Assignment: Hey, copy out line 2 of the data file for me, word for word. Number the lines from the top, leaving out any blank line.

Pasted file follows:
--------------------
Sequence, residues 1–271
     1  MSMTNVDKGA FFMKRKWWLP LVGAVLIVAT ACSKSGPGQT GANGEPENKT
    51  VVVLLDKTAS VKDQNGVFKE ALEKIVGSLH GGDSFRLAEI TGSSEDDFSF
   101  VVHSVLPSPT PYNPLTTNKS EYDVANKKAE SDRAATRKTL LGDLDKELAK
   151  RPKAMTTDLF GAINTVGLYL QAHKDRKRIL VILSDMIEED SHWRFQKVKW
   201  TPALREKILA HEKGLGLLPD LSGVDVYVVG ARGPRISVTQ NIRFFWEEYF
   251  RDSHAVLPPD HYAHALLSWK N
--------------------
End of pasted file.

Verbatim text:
     1  MSMTNVDKGA FFMKRKWWLP LVGAVLIVAT ACSKSGPGQT GANGEPENKT